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Clinical Trials Offer Hope

By Dr. Tarvez Tucker


Living near an academic medical center such as the University of Kentucky offers all of us, whether we are healthy or we are patients, the opportunity to participate in scientific studies known as clinical trials.


Clinical trials are the cornerstone of medical research. You might ask:  Will these trials benefit me directly?  What are the risks of being a volunteer research subject?  Can being involved in a study help me save money on treatments or drugs?  If my participation won’t help me directly, could it someday help my son or daughter, my grandmother or my neighbor?


It’s important to be aware of some basic principles behind the clinical trials that are conducted every day, in every medical specialty, at academic institutions such as UK.  


First of all, without such trials, medical breakthroughs and new therapies for a wide assortment of conditions could not advance.  But clinical trials are not a forum for recruiting “guinea pigs,” for untested medical theories or drugs.


Medical centers that conduct clinical trials have a powerful system of oversight, called an institutional review board (IRB), whose job it is to protect every single participant in every trial.  The IRB weighs the risks and benefits of clinical trials to make sure that the rights of volunteers are preserved and that they are not exposed to any known risks without their informed consent.  IRB meetings are frequent and painstaking; decisions are often made only after lengthy deliberation by health care providers, community members and legal experts.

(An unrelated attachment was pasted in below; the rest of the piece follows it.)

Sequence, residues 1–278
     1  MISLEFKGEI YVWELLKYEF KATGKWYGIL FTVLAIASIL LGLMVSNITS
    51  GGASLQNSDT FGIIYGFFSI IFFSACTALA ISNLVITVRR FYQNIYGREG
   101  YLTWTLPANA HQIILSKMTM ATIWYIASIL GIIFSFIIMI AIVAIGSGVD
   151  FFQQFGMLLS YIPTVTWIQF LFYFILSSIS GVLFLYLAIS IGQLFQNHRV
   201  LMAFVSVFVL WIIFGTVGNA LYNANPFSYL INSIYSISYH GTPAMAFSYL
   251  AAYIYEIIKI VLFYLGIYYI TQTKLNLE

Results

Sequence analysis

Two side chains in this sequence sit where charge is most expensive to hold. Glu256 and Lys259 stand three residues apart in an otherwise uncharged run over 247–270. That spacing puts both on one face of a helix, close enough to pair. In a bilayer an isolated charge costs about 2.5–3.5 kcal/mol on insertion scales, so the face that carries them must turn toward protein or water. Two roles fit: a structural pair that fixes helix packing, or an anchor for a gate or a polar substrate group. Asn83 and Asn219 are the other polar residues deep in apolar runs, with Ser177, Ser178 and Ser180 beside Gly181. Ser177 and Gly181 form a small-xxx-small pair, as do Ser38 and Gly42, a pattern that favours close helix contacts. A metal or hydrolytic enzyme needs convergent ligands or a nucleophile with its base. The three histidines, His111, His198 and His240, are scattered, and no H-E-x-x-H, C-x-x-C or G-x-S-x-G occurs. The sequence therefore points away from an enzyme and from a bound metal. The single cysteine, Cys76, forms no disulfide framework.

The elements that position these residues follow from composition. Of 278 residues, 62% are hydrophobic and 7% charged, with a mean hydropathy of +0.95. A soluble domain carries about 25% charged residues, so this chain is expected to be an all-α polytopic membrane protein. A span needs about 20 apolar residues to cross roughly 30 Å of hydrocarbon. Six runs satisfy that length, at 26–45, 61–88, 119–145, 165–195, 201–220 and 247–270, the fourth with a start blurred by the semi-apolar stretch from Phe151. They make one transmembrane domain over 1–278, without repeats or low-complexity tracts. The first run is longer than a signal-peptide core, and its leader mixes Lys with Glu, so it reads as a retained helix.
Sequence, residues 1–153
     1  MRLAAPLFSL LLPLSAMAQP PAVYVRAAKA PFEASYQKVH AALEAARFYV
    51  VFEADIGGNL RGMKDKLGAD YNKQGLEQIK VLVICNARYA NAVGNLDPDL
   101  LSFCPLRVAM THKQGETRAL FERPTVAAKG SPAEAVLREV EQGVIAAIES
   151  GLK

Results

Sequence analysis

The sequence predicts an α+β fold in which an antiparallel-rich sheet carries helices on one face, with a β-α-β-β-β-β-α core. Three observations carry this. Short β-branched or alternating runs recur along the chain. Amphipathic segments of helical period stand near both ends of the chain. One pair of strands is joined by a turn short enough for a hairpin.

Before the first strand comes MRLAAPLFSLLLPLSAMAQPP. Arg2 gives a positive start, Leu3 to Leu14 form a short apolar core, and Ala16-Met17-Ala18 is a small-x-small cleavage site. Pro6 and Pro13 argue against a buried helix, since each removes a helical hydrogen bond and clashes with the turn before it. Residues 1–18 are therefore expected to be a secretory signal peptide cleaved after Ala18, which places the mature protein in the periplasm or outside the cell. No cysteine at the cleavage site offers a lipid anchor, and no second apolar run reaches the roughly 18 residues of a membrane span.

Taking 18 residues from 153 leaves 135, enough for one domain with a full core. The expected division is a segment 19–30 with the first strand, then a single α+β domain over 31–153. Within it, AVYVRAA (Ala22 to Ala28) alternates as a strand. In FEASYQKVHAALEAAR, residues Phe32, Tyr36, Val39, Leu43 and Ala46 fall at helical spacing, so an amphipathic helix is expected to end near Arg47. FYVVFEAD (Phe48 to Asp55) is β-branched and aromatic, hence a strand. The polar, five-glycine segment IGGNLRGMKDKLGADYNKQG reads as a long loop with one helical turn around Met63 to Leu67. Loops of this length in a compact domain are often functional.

For many of my patients,  joining in my research is a way to advance the frontiers of medical science.  Some do it because there’s nothing else out there for them that has worked.  Some do it because they receive free medication and free periodic physical examinations as a study participant.  


While  clinical trials often do represent cutting-edge medical science, it is important to note that treatments being investigated are not "miracle cures."  Some patients may, in fact, benefit from their participation in clinical studies.  However, there are no guarantees. The safety and effectiveness of experimental treatments have not been fully established.  Indeed, this is why clinical trials are necessary in the first place.


Clinical trials do give us the magic ingredient medical science can never forgo or underestimate:  hope.  Information about clinical trials at UK is available on the Web at http://www.ukhealthcare.uky.edu/ patient/clinicalresearch.asp.  For more information, please e-mail ukclinicalresearch@uky.edu, or call (859) 257-7856.  


Dr. Tarvez Tucker is an associate professor of neurology in the University of Kentucky College of Medicine and director of the UK HealthCare Headache and Pain Clinic.

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